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Digital Archive International History Declassified

November 28, 1962

CABLE FROM JAPANESE EMBASSY IN HAVANA TO TOKYO

This document was made possible with support from the Leon Levy Foundation

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    A cable describing the situation in Cuba, and especially the results of the Mikoyan-Castro talks.
    "Cable from Japanese Embassy in Havana to Tokyo," November 28, 1962, History and Public Policy Program Digital Archive, Diplomatic Archives of the Ministry of Foreign Affairs of Japan (“Cuban Domestic Policies and Situation: 1959-1975” file), Tokyo. Obtained and translated for CWIHP by Masaki Hirata. https://digitalarchive.wilsoncenter.org/document/115059
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Transmitting from Havana 11/28/1962 11:00

Received in Tokyo 11/29/1962 05:14

To Foreign Minister Ohira from Ambassador Yaguchi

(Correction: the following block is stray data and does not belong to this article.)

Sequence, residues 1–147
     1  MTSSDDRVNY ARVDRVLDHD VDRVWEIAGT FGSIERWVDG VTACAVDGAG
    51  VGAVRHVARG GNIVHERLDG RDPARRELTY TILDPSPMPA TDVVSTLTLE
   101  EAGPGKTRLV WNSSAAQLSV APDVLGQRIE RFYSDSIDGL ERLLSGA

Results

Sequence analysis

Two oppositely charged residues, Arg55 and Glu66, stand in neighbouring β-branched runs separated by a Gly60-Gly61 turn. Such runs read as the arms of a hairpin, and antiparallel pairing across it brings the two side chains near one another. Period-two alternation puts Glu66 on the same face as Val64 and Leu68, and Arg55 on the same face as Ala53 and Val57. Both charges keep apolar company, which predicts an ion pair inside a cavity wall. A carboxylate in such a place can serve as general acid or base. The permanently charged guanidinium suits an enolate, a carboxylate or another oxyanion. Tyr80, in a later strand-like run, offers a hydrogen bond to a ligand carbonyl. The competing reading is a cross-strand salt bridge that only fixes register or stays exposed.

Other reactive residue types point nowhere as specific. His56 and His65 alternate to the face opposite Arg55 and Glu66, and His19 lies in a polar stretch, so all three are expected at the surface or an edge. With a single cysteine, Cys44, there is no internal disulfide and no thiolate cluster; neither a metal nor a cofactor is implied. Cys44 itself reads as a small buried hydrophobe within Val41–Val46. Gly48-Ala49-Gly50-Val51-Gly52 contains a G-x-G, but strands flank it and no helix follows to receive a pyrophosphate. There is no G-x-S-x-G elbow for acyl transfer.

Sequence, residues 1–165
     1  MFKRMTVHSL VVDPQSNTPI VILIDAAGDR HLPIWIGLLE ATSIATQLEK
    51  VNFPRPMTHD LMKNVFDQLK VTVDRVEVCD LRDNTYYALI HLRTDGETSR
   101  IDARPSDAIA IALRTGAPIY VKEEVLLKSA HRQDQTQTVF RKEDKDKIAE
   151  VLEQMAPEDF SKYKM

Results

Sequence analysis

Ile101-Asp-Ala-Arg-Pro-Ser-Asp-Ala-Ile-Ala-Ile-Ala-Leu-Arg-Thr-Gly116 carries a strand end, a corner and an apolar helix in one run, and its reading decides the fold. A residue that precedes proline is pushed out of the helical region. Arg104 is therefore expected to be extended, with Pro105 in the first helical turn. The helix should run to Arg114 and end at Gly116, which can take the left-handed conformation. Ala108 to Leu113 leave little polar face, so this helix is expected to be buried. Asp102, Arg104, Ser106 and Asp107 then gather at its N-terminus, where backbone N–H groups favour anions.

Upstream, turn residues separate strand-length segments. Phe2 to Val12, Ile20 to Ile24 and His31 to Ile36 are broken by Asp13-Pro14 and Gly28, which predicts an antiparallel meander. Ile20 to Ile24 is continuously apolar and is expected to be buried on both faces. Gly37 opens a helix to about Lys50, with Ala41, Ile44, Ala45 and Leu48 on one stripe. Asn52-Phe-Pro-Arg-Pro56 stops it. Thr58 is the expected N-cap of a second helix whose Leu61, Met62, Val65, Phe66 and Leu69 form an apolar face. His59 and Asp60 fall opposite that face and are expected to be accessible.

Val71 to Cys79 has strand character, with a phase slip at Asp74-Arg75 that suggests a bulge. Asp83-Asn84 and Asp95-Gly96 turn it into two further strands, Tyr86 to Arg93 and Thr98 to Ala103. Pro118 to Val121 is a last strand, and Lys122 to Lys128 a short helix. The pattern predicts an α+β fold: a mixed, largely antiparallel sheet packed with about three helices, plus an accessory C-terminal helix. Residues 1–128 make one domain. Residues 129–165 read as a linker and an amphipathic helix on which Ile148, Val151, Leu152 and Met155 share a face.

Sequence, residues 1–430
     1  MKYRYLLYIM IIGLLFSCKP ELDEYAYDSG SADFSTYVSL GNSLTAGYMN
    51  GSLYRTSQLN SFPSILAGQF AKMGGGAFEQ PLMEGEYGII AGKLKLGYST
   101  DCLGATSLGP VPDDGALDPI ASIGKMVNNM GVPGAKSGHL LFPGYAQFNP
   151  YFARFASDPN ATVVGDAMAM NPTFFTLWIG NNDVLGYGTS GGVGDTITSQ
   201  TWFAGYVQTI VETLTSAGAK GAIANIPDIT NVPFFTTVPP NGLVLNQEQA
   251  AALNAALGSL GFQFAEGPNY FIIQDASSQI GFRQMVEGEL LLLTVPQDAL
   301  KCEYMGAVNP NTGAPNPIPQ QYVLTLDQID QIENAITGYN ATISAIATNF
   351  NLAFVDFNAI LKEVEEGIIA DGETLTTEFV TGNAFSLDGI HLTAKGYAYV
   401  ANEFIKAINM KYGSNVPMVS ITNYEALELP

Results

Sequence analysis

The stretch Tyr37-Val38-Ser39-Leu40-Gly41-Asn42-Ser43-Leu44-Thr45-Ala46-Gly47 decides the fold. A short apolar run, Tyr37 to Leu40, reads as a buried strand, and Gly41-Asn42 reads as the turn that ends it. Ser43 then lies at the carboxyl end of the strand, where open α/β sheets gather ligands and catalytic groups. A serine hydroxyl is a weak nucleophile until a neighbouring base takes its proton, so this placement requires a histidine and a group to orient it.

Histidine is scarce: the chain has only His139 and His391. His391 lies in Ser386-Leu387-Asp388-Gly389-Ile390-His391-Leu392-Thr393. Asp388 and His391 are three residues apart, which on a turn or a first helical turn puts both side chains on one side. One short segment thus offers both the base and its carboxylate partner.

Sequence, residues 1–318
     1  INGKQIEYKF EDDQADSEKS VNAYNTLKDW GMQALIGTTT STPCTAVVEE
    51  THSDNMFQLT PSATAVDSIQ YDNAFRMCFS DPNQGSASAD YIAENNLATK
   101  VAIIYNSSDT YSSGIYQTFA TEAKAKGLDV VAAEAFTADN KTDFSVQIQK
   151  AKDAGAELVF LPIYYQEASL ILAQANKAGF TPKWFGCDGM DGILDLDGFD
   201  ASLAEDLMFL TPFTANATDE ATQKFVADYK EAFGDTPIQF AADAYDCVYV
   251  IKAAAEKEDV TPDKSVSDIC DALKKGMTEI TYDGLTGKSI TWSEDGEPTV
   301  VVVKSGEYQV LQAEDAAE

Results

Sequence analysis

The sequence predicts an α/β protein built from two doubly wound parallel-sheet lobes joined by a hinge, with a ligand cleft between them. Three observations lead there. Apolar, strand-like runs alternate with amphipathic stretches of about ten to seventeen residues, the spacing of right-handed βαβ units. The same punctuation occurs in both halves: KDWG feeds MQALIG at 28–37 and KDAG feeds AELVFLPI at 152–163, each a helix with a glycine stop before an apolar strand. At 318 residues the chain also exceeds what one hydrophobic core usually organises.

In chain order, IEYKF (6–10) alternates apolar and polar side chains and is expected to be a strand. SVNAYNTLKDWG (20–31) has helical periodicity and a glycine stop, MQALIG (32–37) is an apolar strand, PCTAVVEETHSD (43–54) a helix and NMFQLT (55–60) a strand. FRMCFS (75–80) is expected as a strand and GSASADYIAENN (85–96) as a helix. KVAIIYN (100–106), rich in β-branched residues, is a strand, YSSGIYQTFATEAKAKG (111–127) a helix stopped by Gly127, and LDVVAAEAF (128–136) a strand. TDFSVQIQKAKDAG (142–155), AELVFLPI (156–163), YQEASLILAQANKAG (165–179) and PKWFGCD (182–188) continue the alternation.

Re: The Situation in Cuba

1. There is much speculation over the reason and purpose of Mikoyan’s long 24-day stay in Cuba. But the truth over the visit remains unclear. If the purpose of Mikoyan’s visit was to persuade Cuba to accept UN base inspections in accordance with Khrushchev’s pledge to the UN, you might say it turned out to be perfect failure for the moment. There is a perspective that the purpose of Mikoyan’s long stay was to reexamine the value of Cuba as a strategic beachhead and the prospects of the revolutionary government. This view sounds closer to reality. Whether this is right or not all depends on how the Soviets will provide assistance to Cuba from now on.

2. Regarding the reasons why Castro reportedly refused to accept Mikoyan’s offer, there is the possibility that Castro may be considering the current domestic situation as dangerous as when he entered Cuba with his army five or six years ago. He might really be afraid of the breakdown of the revolutionary government as the result of loosening the current defense system because the measures would let overseas anti-government people return to the country and regain a beachhead. Castro might need the possibility of a US invasion because he wants to crack down on the anti-government movements by stirring an excessive crisis mentality among the nation. That’s why he cannot accept the base inspections offer. This view seems plausible. (Castro believes that [the danger of] invasion by overseas anti-government people will never stop despite the US non-invasion pledge.)

The cable has been transferred to [Japan’s] Embassies in the US and Mexico.